by: Andy Brazier [ ]
Originally published on:
A new product arrived from the postman from a Mal Mayfield, who has started producing a range of paint masks for markings on aircraft.
A quick review and an even quicker test of these masks sets that are about to hit the market.
At the moment only RAF markings are available, but these are in three scales, 1/48th, 1/32nd and 1/24th.
The RAF roundels, numbers, fin flashes, standard and alternative codes are all packed and sold separately, but each set has at least six (this may change, depending on size) of the same type of markings on each sheet. The numbers and code sheets have about three full alphabets in place.
The samples I received are of three different roundels, a sheet of fin flashes and a set of Alternative codes in 1/48th scale.
Each sheet is made of a thin translucent blue plastic material which is about 80 microns thick. The mask material reminds me of Parafilm M in texture. The masks are pre cut and just require lifting off the backing sheet to use.
With each set you get an instruction sheet of how to use the masks and as a nice surprise a sheet with colour codes in B.S and F.S numbers for the roundels and codes.
Using the masks
When first looking sat the instruction sheet it does look a little complicated, but with closer inspection it is a great step by step guide.
This is the instructions for the four colour roundel, but each type is very similar in application.
The first step is preparing your model for the application of the masks. Once the camo scheme is done you then Future (Klear) the aircraft ready for the masks. The reason for Futureing the aircraft is that the masks will adhere better and if you mess up it is easier to remove the masks without attacking the main camo scheme.
Now to get the correct alignment when removing parts of the mask for painting and replacing them again, you will need to draw two diagonal lines from corner to corner and one line from the center to the top edge. The reason for this is to align and orientate the masks when replacing them.
The next step is to transfer the masks to the aircraft. Now this easier then it looks as Mal has thought this through and included "transfer tape" at the bottom of each sheet. The transfer tape is placed across the the top and bottom of the mask. Once pressed down, removing the mask as one piece is very easy. When the mask has been placed in the correct position the transfer tape can be removed.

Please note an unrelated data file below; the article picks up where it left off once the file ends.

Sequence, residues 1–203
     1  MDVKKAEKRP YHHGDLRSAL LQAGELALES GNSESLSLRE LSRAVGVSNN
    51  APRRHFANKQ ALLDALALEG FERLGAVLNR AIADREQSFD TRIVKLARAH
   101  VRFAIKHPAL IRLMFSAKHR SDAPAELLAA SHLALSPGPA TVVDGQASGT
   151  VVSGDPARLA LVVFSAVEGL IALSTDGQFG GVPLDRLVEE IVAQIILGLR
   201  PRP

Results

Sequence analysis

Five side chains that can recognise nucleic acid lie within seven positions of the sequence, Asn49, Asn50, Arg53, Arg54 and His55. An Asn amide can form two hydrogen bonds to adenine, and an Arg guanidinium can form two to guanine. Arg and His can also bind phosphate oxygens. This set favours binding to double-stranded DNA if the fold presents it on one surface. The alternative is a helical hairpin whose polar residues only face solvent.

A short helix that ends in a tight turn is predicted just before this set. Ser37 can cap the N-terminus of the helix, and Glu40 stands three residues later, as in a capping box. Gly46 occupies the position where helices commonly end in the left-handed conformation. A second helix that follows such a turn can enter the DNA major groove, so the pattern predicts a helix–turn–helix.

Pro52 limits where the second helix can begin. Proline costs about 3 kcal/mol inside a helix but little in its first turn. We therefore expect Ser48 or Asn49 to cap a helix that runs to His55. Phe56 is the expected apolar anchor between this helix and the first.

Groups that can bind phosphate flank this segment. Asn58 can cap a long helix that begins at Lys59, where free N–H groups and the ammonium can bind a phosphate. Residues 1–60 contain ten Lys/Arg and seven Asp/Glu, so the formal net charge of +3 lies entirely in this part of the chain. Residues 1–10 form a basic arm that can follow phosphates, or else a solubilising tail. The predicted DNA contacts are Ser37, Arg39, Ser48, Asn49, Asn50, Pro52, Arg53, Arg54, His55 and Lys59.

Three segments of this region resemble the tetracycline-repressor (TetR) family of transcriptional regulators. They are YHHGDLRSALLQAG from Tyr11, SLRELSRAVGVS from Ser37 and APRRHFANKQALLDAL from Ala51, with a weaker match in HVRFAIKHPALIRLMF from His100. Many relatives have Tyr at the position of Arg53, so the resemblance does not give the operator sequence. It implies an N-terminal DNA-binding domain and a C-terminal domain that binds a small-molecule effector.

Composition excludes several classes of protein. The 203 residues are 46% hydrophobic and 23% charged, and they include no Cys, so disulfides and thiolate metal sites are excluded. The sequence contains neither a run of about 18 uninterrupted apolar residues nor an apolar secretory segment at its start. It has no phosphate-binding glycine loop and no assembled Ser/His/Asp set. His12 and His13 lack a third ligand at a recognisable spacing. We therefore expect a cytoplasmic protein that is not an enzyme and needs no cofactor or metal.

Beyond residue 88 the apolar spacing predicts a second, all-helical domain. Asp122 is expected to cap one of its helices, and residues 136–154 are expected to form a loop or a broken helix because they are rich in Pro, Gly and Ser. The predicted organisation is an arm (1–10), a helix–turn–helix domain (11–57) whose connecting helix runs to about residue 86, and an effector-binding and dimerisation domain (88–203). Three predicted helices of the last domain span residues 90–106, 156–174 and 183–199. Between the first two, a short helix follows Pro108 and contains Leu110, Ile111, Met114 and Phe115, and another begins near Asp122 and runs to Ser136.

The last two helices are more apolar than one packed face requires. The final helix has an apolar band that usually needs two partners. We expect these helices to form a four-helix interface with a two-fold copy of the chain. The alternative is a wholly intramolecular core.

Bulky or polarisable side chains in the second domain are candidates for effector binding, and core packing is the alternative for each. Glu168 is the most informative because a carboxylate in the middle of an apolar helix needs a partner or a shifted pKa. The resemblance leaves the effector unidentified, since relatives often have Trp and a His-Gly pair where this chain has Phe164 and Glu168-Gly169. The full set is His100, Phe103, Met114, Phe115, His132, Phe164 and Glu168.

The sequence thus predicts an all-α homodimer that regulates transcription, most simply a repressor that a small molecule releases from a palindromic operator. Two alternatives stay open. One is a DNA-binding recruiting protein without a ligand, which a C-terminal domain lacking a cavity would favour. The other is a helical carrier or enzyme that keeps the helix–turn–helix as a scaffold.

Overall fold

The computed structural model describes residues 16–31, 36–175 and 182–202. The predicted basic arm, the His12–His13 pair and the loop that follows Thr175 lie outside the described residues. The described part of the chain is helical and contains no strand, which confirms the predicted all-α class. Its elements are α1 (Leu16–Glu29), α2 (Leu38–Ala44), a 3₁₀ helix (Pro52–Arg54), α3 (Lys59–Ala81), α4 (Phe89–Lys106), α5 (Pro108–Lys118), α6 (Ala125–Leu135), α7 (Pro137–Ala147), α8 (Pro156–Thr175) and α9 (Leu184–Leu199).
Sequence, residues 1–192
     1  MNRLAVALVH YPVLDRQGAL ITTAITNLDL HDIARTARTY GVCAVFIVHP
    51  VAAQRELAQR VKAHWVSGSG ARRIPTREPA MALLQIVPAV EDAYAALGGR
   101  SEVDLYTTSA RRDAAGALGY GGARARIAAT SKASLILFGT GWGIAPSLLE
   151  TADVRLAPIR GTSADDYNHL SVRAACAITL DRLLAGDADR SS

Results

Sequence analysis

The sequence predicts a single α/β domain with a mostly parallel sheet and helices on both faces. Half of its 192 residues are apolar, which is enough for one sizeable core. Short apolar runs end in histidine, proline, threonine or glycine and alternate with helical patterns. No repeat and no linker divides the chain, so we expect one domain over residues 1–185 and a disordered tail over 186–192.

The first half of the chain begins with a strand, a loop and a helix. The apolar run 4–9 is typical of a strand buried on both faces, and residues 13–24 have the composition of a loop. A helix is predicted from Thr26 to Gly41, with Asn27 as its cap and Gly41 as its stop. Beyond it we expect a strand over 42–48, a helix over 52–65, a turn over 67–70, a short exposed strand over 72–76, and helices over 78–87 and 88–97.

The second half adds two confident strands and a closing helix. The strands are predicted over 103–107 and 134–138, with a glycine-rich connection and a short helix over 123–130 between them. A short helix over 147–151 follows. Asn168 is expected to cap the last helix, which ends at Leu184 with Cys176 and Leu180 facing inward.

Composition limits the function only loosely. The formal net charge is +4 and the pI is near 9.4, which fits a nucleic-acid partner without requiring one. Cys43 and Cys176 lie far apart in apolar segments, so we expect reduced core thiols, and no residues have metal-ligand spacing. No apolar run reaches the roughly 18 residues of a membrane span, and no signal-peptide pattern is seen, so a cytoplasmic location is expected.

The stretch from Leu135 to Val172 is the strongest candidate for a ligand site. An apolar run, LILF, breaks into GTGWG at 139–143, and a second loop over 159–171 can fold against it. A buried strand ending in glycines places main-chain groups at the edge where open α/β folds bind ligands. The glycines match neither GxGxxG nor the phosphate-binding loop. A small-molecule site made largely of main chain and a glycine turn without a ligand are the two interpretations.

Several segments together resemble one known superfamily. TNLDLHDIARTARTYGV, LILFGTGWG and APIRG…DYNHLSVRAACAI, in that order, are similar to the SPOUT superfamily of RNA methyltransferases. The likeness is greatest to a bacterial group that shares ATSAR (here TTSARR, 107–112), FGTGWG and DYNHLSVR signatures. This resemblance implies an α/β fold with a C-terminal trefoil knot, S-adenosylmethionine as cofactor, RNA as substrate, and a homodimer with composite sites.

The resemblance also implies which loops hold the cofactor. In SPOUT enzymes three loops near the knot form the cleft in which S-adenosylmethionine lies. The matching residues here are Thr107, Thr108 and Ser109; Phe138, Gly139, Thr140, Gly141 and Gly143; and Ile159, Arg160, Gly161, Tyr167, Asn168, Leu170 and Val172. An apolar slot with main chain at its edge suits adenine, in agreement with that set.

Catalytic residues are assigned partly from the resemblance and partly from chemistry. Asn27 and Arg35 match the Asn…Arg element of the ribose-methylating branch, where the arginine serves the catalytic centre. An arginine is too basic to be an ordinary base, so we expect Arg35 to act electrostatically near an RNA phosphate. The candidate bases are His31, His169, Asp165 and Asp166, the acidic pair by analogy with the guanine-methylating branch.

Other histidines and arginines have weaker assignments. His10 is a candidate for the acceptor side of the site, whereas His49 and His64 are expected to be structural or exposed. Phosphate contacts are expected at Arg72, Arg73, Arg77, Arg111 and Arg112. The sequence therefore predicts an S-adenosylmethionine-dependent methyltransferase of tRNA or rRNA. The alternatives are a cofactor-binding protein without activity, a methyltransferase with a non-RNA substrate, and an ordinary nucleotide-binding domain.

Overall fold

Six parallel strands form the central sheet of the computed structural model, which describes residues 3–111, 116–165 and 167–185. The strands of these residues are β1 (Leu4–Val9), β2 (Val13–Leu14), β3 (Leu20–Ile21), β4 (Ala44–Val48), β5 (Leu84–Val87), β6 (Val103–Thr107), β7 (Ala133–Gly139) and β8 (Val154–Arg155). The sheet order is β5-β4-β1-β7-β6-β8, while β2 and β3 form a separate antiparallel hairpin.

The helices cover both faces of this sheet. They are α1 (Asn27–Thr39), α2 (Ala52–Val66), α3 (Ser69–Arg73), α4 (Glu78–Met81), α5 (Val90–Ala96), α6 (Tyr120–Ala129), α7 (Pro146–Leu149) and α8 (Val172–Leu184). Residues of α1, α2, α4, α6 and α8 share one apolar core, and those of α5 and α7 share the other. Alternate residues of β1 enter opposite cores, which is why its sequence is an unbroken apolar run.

The center section of the mask can be discarded (where the red dot goes). The inner white ring portion is removed, and can be placed on the backing sheet for safe keeping and the exposed part can be sprayed white. The white mask ring is replaced once the paint is dry. This is the most difficult part of the procedure but with a little practice, patience and with the help of the lines to align it you can center it.
Once the white ring is in place the red middle section can be sprayed. Once dry a out-sized red center mask found on the sheet can be used to cover it.
Remove the blue colour section of the mask ans spray blue. Replace the blue section and lift off the outer yellow ring. This part of the mask can be discarded.
Once the yellow has been sprayed, the whole mask can be removed and hopefully you will have a perfect roundel painted.
The codes are even easier to use as once they are placed onto the model, the center parts is removed and discarded. For letters such as A, O, D etc the center portions are pre cut and are left on the model to get the "hole". The great thing about the codes is that when the masks are placed edge to edge it is the correct distance from each other for RAF spacings.
The tail fins are basically masked and sprayed the same but instead of a line being drawn from the center to the top edge, you replace it with two horizontal lines unevenly spaced The reason for the uneven spacing is so you know what way up the mask goes when replacing it.
Are they a miracle, as far as I am concerned they are very nearly, my attempts at creating my own codes and markings normally leaves a lot to be desired, but with the Miracle Paint Masks I'll never have that trouble again.
With a bit of practice they become quite easy to do (the pics in this review are my first attempts at using them, and I rushed it a bit lol).
The other great thing about the masks instead of conventional decals is that you can weather the markings accordingly to your tastes.
The masks can technically be reused a couple of times each as I managed to position each mask quite a few times with out any real lose of stickiness.
Now the price of these little miracles vary with each type of roundel, code and fin flashes, but they are inexpensive. For example the 4 colour roundel set I used is priced at £1.72p and you get eight roundels on the sheet, the upper wing roundel set is £1.65p and again eight roundels per sheet. The codes are £3.39. Tail fin flashes are £1.44. For the two larger scales the price increases about 50p per type, per sheet.
You will also be able to buy complete sets of masks, which you should be able to paint markings for several aircraft.
Mal Mayfield should be launching these masks at the IPMS Scale Model world show in Telford, England on the 10th and 11th of November, 2007.